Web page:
Until they dropped the bombshell of Lenovo buying Motorola the other day, the most talked about non-Google company, had to be what is going on over at Microsoft. This tech giant seems to be stumbling all over itself and apparently cannot make good decision to save their soul – heck, we would settle even for a bad decision, but let's be definitive about it.
On one hand we have Steve Ballmer throwing chairs at employees that want to leave to go and work for Google, and only the other hand we have the "trojan horse" that was Stephen Elop, sent from Microsoft to Nokia, on the third hand (yes, I have more than two) you have Microsoft buying Nokia, but do they really know what to do with it. In July, we have Ballmer announcing a total restructuring of Microsoft and then the next month, he announced his "retirement," and now we have to wonder who will replace Steve Ballmer and when will it be announced? There is enough news there to last a year, and it comes in the form of excitement, yet disturbing, at what direction Microsoft is heading.
Bill Gates must be shaking his head – but if the Bloomberg report is correct, he may be shaking it as the ex-Chairman of Microsoft. Based on insider information, they are reporting that Microsoft's board is about to announce Sat Nadella, the company's enterprise and cloud chief as their next CEO, as well as discussing the possibility of replacing Bill Gates as Chairman with Microsoft lead independent director, John Thompson.
This is really a critical junction for Microsoft as they try to move away from a PC software innovator to the world of mobility – both in terms of hardware and internet type services, such as the "cloud." Google and Apple have shifted people and companies away from PC and desktop computing to lightweight laptops, powerful tablets, and eventually to smartphones that have the processors, memory, and applications that a computer had only year or two ago. As Ballmer's parting gift to Microsoft, he approved the purchase of Nokia to have in-house smartphone capability, but the world of mobile devices is much different from the world of PCs, and it yet remains to see if the new CEO and board can "catchup" to the Googles of the industryb.
Microsoft has only had two CEOs – Gates and Ballmer – since its inception and many people have wondered just how much influence Gates had as Chairman…some say, possibly too much. With Gates staying on in some capacity, others are wondering if that is a good thing, considering their current shake-up, although their stock rose 1.8-percent to $37.51 on the exchange this morning.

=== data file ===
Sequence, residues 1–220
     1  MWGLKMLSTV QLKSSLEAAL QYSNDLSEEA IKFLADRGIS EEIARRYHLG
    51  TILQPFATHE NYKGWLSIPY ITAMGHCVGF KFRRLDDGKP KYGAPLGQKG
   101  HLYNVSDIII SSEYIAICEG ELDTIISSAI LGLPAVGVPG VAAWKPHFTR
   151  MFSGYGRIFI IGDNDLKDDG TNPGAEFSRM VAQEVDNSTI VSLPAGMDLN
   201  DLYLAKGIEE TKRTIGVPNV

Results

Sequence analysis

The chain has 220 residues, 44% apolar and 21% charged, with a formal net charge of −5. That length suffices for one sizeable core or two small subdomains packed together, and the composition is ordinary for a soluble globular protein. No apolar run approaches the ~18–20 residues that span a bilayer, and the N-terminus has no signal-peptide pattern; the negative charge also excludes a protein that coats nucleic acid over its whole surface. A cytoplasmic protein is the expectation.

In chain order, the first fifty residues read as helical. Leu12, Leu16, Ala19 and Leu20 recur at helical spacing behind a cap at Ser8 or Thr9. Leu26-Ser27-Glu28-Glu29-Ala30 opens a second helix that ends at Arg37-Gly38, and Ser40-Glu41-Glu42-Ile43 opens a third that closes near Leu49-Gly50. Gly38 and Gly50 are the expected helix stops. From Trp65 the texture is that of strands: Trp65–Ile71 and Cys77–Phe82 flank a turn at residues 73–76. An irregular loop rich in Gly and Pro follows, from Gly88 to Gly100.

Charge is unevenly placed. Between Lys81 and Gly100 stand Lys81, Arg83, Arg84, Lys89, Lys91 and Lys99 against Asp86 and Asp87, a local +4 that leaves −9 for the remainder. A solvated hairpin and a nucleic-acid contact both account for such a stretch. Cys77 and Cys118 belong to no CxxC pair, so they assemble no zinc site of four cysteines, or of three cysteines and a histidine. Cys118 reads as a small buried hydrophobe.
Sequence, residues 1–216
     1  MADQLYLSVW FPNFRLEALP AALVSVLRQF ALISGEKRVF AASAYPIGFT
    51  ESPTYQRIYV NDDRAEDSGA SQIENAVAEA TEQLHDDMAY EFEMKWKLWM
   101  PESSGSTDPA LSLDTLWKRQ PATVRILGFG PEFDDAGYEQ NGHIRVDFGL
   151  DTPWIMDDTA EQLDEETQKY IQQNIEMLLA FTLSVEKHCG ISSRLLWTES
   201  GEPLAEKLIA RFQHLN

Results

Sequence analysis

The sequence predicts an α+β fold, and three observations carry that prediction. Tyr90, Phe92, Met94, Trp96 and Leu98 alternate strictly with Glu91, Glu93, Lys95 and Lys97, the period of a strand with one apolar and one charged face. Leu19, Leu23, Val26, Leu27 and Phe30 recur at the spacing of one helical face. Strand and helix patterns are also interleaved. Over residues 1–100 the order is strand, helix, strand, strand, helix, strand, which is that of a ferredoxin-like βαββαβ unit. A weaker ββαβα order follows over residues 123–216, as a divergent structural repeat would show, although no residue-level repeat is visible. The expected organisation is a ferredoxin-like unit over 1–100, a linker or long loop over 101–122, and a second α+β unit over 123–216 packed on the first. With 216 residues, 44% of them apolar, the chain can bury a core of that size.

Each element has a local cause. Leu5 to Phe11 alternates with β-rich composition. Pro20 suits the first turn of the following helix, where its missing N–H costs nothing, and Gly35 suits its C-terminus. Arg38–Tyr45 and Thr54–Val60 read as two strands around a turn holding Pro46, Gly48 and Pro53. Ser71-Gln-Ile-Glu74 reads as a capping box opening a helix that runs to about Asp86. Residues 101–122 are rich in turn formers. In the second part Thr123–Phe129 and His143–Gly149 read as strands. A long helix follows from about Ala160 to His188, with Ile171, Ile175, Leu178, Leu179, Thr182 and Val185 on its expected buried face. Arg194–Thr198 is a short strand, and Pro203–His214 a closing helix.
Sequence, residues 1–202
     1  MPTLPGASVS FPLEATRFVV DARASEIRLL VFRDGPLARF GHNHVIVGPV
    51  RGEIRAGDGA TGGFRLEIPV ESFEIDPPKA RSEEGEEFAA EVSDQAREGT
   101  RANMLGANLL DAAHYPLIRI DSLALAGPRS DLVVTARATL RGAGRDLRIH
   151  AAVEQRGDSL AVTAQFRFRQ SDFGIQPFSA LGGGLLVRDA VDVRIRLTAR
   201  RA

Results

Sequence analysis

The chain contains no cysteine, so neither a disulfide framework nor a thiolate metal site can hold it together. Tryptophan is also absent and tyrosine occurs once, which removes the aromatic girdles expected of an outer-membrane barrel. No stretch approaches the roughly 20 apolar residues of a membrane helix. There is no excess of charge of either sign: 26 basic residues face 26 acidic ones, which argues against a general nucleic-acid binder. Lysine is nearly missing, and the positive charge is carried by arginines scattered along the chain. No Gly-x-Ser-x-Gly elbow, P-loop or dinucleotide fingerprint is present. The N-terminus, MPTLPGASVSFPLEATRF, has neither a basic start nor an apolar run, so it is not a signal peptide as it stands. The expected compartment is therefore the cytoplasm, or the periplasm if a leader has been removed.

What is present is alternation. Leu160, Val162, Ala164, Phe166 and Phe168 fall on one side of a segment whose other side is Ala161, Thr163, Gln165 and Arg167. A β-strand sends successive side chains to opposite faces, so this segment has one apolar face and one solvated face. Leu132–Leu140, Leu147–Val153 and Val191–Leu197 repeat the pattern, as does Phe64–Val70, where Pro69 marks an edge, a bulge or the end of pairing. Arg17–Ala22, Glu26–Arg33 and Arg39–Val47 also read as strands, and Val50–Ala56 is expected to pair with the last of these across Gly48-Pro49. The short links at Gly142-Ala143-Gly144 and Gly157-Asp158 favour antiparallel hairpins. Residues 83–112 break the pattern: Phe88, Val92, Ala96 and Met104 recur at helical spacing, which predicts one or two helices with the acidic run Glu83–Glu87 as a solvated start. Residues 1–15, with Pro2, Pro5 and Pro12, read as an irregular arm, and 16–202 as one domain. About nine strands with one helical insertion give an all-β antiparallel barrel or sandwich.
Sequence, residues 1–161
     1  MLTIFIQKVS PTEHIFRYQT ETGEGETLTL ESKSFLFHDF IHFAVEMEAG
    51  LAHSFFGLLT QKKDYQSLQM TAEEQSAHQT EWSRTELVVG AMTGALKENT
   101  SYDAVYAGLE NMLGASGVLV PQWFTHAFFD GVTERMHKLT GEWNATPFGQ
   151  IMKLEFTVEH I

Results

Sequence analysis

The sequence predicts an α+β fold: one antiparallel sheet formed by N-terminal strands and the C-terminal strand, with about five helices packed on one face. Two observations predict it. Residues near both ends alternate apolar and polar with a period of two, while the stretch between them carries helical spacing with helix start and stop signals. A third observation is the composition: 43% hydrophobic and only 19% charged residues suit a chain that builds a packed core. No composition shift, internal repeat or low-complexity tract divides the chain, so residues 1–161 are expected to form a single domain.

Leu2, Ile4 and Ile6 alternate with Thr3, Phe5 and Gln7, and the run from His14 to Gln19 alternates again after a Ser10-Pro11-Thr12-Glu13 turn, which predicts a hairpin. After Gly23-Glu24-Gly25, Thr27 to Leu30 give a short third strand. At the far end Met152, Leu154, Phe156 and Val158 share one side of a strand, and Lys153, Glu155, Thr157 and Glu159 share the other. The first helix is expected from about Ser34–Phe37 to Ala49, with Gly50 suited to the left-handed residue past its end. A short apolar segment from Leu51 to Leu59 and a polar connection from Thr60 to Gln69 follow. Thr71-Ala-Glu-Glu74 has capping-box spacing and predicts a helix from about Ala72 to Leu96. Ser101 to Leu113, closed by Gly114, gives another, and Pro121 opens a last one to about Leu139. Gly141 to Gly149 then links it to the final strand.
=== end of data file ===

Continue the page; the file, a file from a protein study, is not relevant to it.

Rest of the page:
Nedella has done a good job in his present position with Microsoft – since he took over in 2011 revenues increased from $16.6 billion to a high in June of $20.3 billion. When Ballmer changed Nedella's division from "server business" to "cloud and enterprise" he was on board with the idea to focus on devices and services. According to others, he also has a strong reputation and credibility with the engineers. Daniel Ives, an analyst at FBR Capital Markets claims that they should look to an outsider to replace Gates as Chairman and said:
"If they are going for the CEO who is right down the hall from Steve Ballmer, you've got to give investors a bone. said Ives, who has the equivalent of a hold rating on the stock. It would obviously be a big change and a historic change but it's obvious Microsoft needs change in terms of strategy in terms of the next leg of growth."
John Thompson, 64, would probably be looked on as a favorable candidate for Chairman. He brings in over 40 years of technology to the role – he was a longtime IBM executive before moving to technology-security company, Symantec Corp. in 1999 and took the company from $600 million in sales to $6 billion in sales over his ten-year reign. He stepped down in 2009 and currently runs Virtual Instruments that makes software that tracks application and hardware performance. When he joined Microsoft's board in 2012, he started asking the "tough" questions of Ballmer, which many say created an environment that help Ballmer step up his plans to retire early.
This caps a five month search for Ballmer's replacement – rumor has it they started with 100 possible candidates and wanted to try to make their decision by early 2014. The board included many inside candidates as well as outsiders, but quickly narrowed the search – Thompson, himself, is head of the committee. Hopefully, Microsoft can put this behind them and focus on their future. The technology landscape of the world is rapidly changing and Microsoft needs to focus on that and not internal strife…maybe these are just the people for that job.
Let us know in what you think about Microsoft, Nokia and their future in the mobile world – we would love to hear from you.